In December of 2022, we wrote about the 10-Round Assault Course. Originally designed as a pistol drill, I have adapted it to my favorite firearm, the shotgun. While the pistol version of the 10-Round Assault Course is pretty straightforward, things get interesting with the shotgun as we cover a much larger set of skills.
Obviously, we have to make some changes in how this drill works to get it to fit inside a shotgun-sized box. Most notably, the scoring. B-8 repair centers and shotguns loaded with buckshot don’t exactly go together that well. Instead of scoring points and time, we are just going to score time and assess a time penalty for hits outside of our scoring zone. Each pellet striking outside of the primary zone will add 1 second to the raw time. Each slug will add 10 seconds.
Speaking of the scoring zone, we need to figure out what that is. Personally, I think an 8” circle is about right for this one. It is an anatomically significant target size and just on the edge of what generic buckshot can do at 15-ish yards out of an equally generic shotgun. There are plenty of printable targets out there with 8” circles, so it makes for a readily accessible target size too. A standard piece of printer paper wouldn’t be horrible either, but it is getting to the upper limit of what I think is useful.
The 25-Yard Line
This is how this will work. Load the shotgun with six rounds of buckshot, and have two slugs either in a side saddle or somewhere easy to get to, like a pocket. Start from a low ready at 25 yards. On the start signal, perform a double slug changeover (see video below.) Now here is the catch, you have to perform the double slug changeover as if the gun is fully loaded, even though it may not actually be. It is an artificiality, but it is necessary to make the round count work for the drill. Two shells need to come out of the gun, and two shells need to go into the gun.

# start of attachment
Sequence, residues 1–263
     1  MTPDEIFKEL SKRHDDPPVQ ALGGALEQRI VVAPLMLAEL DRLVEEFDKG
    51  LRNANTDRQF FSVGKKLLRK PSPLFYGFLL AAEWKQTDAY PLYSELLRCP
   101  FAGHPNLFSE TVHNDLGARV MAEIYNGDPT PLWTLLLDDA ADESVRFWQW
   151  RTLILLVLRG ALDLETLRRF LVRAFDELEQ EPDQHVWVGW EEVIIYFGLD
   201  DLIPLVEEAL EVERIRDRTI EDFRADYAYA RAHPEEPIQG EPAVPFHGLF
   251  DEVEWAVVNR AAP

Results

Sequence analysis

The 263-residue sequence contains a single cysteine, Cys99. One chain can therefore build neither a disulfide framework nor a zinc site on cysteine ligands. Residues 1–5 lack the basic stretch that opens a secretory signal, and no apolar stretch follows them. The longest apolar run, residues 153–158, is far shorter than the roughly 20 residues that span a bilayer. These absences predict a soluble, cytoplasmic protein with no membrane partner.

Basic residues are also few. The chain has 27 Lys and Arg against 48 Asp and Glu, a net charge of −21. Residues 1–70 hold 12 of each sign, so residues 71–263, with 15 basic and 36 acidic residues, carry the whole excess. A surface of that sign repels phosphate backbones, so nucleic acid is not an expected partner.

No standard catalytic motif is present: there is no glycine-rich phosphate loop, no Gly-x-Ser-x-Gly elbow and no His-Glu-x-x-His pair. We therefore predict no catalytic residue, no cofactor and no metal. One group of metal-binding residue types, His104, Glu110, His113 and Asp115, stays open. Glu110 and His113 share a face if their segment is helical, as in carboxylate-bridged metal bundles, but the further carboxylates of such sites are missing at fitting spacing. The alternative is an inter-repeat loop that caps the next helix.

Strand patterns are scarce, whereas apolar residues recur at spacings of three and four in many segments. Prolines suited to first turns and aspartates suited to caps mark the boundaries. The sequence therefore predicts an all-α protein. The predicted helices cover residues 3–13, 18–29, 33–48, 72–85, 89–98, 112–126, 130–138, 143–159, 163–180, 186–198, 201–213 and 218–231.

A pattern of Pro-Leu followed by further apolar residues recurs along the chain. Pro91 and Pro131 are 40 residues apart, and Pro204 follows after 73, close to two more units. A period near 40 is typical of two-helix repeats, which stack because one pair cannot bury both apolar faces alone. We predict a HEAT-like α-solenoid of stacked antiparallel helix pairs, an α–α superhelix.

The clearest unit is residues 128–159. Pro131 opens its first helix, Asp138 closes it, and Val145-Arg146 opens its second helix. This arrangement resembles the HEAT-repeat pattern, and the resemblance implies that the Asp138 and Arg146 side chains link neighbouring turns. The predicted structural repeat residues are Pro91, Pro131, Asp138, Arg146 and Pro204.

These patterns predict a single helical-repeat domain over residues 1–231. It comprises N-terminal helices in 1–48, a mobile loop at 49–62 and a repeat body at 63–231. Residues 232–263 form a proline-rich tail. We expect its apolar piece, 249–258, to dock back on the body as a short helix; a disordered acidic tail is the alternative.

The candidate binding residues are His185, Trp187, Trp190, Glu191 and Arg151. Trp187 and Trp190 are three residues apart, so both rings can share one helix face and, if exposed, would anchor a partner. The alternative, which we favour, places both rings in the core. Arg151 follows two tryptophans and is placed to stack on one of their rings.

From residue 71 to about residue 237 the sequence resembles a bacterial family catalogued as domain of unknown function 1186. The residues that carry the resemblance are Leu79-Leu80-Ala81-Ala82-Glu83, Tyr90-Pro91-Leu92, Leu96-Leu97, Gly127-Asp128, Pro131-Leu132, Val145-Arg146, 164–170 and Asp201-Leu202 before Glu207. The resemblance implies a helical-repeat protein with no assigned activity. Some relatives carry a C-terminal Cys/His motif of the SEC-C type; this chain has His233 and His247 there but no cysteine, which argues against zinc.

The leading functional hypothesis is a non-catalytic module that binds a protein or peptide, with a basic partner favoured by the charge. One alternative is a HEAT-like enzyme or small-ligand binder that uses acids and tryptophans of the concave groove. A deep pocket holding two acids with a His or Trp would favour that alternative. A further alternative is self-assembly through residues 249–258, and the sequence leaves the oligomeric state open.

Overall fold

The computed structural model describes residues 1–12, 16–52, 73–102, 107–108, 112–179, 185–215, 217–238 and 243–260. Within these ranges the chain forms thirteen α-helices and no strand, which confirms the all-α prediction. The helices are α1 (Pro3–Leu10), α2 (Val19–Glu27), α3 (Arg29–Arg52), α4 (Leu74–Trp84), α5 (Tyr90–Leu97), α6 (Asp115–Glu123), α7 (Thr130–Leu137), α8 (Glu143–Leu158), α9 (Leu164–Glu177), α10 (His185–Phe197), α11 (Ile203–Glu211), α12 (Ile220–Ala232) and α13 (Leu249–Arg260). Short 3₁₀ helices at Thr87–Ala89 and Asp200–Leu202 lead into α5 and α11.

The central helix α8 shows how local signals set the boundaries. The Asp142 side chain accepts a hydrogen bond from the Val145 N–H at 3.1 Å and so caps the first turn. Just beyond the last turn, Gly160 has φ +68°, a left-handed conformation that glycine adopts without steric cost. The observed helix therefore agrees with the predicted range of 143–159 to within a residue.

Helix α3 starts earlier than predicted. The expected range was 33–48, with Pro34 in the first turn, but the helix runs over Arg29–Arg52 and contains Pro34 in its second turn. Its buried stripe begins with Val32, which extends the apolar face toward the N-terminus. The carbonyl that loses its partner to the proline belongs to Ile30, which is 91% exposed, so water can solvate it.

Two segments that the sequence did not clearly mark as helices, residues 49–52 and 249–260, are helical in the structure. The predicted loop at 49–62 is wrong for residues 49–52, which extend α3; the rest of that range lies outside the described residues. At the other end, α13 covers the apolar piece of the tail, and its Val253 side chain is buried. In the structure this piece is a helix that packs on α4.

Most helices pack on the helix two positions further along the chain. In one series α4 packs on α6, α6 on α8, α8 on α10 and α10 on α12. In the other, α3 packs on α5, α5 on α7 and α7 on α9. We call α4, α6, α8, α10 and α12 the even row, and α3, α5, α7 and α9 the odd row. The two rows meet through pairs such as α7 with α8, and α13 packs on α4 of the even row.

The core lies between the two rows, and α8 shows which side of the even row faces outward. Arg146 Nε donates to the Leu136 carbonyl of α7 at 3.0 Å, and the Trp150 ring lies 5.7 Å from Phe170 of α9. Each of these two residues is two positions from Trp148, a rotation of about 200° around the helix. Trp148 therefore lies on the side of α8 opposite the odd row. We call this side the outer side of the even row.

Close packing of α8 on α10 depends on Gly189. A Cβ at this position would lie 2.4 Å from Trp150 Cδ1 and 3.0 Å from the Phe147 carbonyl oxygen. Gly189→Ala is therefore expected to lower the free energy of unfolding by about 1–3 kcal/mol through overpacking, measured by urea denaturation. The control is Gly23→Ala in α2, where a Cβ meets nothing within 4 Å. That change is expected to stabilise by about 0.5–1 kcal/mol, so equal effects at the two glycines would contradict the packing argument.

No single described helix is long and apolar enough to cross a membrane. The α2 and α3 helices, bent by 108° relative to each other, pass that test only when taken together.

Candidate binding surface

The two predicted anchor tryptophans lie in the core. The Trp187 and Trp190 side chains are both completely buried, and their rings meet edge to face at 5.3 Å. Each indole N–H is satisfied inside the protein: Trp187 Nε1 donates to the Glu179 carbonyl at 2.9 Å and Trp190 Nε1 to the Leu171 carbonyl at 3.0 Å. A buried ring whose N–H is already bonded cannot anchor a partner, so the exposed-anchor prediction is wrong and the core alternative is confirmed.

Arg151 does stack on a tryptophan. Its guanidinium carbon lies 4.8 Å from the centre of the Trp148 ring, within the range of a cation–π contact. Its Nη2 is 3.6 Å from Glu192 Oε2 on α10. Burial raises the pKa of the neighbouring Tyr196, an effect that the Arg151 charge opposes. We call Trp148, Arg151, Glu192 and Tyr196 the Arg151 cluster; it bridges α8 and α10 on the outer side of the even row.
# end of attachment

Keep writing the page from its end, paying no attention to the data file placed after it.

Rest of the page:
Fire the two slugs standing unsupported from 25 yards.
The 15-Yard Line
Quickly move to the 15-yard line and fire two rounds of buckshot. This is where knowing your buckshot really matters, and knowing how strict you need to be on pressing these two shots while keeping all of the pellets in the target zone. If you are running good buckshot or have an exceptionally good patterning shotgun, this should be easy to shoot. If you are trying to make this work with lower-tier loads, there will probably be a price to be paid with pellets outside of the primary scoring zone.
The 7-Yard Line
Aggressively move to the 7-yard line and fire two more rounds of buckshot. After those two rounds, the shotgun should be empty, but we are only six rounds into a 10-round drill.
Transition to your pistol and fire one round stationery, then fire three rounds on the move forward of the 7-yard line. That ends the course of fire.
Record your time after the last shot is fired, and then check the target to see if any penalties need to be added. Your raw time, plus penalties, is the score for the drill.
There is a lot on the table here. A double slug changeover, aggressive movement forward, transition to the pistol at an appropriate distance, and shooting on the move with the pistol. I would recommend being careful about stepping into this one without some training on how to do it all. If you are comfortable with the skills and have a range that will allow this type of drill, it is a fun one, but it could be a bit daunting for the less experienced.
If you give it a try, drop your time in the comments.